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Economics

Japan Starts to Recharge After Two Lost Economic Decades - NYTimes.com

Sunday, May 19, 2013
Category: Economics

From www.nytimes.com

It’s hard to tell if Japan’s new experiments in economic policy will work in the long run, but they have already caused world markets to take notice.

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What If We Never Run Out of Oil? - Charles C. Mann - The Atlantic

Thursday, May 2, 2013
Category: Economics

From www.theatlantic.com

If methane hydrate allows much of the world to switch from oil to gas, the conversion would undermine governments that depend on oil revenues, especially petro-autocracies like Russia, Iran, Venezuela, Iraq, Kuwait, and Saudi Arabia.

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The Economic Argument Is Over — And Paul Krugman Won Daily Ticker - Yahoo! Finance

Saturday, April 27, 2013
Category: Economics

From finance.yahoo.com

For the past five years, a fierce war of words and policies has been fought in America and other economically challenged countries around the world. On one side were economists and politicians who wanted to increase government spending to offset weakness in the private sector.

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Have Oil Prices Stabilized? Don′t Be Too Sure Commodities Minyanville′s Wall Street

Monday, April 8, 2013
Category: Economics

From www.minyanville.com

For investors, laying off oil-related investments probably makes sense in the short term, with economic recovery still half-hearted and production rising at a healthy clip. If and when the world economy returns to full strength, one should watch closely where the engine of prosperity is: US and Europe means less oil bang for the buck, Asia/emerging markets means more.

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Anatole Kaletsky on A New Capitalism FiveBooks The Browser

Monday, December 31, 2012
Category: Economics

From thebrowser.com

This is the fourth systemic crisis of capitalism, and it’s going to give rise to a new kind of capitalist system. One still based on private property, competition and profits, but fundamentally distinct from the classic capitalism of the 19th century " from the government-led Keynesian economics of the postwar period, and from the Reagan and Thatcher market fundamentalism of the last 30 years.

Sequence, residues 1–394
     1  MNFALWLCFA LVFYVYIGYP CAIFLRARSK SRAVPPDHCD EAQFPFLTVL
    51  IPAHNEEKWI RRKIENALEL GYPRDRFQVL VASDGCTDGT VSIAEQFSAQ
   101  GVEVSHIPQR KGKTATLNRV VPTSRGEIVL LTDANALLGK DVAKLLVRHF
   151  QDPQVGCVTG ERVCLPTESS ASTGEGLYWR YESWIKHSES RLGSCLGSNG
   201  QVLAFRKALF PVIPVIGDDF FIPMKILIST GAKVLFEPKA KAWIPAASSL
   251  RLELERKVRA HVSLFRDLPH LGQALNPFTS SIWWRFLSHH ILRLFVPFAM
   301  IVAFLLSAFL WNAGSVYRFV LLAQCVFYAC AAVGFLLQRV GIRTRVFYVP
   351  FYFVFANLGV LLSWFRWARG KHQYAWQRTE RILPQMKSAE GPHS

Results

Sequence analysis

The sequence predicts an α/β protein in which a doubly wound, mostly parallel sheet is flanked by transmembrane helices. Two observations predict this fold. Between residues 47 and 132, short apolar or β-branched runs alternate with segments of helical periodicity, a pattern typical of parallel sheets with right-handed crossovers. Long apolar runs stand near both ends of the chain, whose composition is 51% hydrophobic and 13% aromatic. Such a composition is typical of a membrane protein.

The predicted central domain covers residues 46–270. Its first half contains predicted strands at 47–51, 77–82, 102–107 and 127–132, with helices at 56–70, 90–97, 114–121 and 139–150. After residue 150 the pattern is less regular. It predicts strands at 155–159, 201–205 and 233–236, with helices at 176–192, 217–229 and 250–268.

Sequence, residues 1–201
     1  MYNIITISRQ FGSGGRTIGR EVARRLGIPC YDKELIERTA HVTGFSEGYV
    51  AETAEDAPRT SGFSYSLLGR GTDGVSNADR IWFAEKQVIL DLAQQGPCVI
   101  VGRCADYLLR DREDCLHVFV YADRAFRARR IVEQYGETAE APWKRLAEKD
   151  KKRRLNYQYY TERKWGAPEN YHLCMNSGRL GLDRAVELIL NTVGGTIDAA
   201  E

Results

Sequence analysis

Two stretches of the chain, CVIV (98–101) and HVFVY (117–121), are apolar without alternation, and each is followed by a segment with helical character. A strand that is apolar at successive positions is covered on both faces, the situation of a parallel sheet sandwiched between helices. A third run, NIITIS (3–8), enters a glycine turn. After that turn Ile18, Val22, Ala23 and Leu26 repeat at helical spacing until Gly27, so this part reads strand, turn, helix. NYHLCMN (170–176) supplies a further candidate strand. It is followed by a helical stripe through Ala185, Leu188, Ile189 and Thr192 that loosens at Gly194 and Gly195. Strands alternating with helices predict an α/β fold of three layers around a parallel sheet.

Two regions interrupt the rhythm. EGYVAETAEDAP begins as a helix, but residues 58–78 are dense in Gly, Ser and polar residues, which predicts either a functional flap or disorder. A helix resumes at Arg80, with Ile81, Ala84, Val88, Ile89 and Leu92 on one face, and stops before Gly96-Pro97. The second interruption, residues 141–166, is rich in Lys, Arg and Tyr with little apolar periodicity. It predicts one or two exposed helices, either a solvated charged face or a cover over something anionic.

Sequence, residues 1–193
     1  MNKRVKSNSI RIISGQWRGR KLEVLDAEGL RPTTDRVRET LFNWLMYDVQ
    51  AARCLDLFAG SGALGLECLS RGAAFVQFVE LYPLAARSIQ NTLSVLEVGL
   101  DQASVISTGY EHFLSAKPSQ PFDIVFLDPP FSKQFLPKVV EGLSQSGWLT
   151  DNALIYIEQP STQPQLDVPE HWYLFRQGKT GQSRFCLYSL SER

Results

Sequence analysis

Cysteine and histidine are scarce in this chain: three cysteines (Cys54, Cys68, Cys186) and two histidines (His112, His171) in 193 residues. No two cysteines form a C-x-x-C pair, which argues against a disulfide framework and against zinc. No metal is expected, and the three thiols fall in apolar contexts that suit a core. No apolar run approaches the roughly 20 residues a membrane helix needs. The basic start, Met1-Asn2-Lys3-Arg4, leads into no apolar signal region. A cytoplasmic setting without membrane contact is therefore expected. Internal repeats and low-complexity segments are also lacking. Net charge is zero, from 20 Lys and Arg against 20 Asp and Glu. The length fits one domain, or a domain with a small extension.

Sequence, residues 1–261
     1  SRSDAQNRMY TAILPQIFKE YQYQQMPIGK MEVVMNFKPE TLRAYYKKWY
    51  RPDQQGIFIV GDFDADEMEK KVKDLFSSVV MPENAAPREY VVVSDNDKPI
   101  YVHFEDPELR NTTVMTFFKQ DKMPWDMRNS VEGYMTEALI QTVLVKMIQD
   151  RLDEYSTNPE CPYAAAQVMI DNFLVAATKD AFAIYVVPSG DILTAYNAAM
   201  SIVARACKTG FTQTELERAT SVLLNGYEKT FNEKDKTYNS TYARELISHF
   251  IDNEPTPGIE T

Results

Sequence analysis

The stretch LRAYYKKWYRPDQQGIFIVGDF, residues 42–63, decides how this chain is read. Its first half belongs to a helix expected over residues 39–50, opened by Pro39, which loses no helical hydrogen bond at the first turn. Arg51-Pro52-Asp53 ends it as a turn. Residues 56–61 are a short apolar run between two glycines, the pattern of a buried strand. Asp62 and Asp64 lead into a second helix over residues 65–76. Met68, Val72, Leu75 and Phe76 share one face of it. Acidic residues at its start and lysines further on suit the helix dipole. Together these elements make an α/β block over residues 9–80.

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Rise of the Robots - NYTimes.com

Thursday, December 13, 2012
Category: Economics

From krugman.blogs.nytimes.com

Robots mean that labor costs don’t matter much, so you might as well locate in advanced countries with large markets and good infrastructure (which may soon not include us, but that’s another issue).

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Yen Edges toward Brink -

Saturday, November 17, 2012
Category: Economics

From english.caixin.com

Few people pay attention to Japan′s problems nowadays. Financial markets pay a lot of attention to the United States′ economic problems. But its nominal GDP rose 7 percent between 2007 and 2011 and is likely to rise another 4 percent in 2012.

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CONVERSABLE ECONOMIST: Minimum Wage to $9.50? $9.80? $10?

Wednesday, November 14, 2012
Category: Economics

From conversableeconomist.blogspot.co.uk

The unemployment rate in May 2007 was 4.4%, and had been below 5% for 18 months. The unemployment rate last summer was around 8.2%, and had been above 8% for more than 40 months. Thus, there was a lot less reason in May 2007 to worry about the risk that a higher minimum wage might reduce the number of jobs for unskilled labor than their was in summer 2012.

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Sandy price gouging: Anti-gouging laws make natural disasters worse. - Slate Magazine

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Friday, November 2, 2012
Category: Economics

From www.slate.com

The basic imperative to allocate goods efficiently doesn’t vanish in a storm or other crisis. If anything, it becomes more important. And price controls in an emergency have the same results as they do any other time: They lead to shortages and overconsumption.

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Free exchange: Concrete gains The Economist

Monday, October 29, 2012
Category: Economics

From www.economist.com

Differences in metropolitan populations may help explain gaps in productivity and incomes. Western Europe’s per-person GDP is 72% of America’s, on a purchasing-power-parity basis. A recent study by the McKinsey Global Institute, the consultancy’s research arm, reckons that some three-quarters of this gap can be chalked up to Europe’s relatively diminutive cities.

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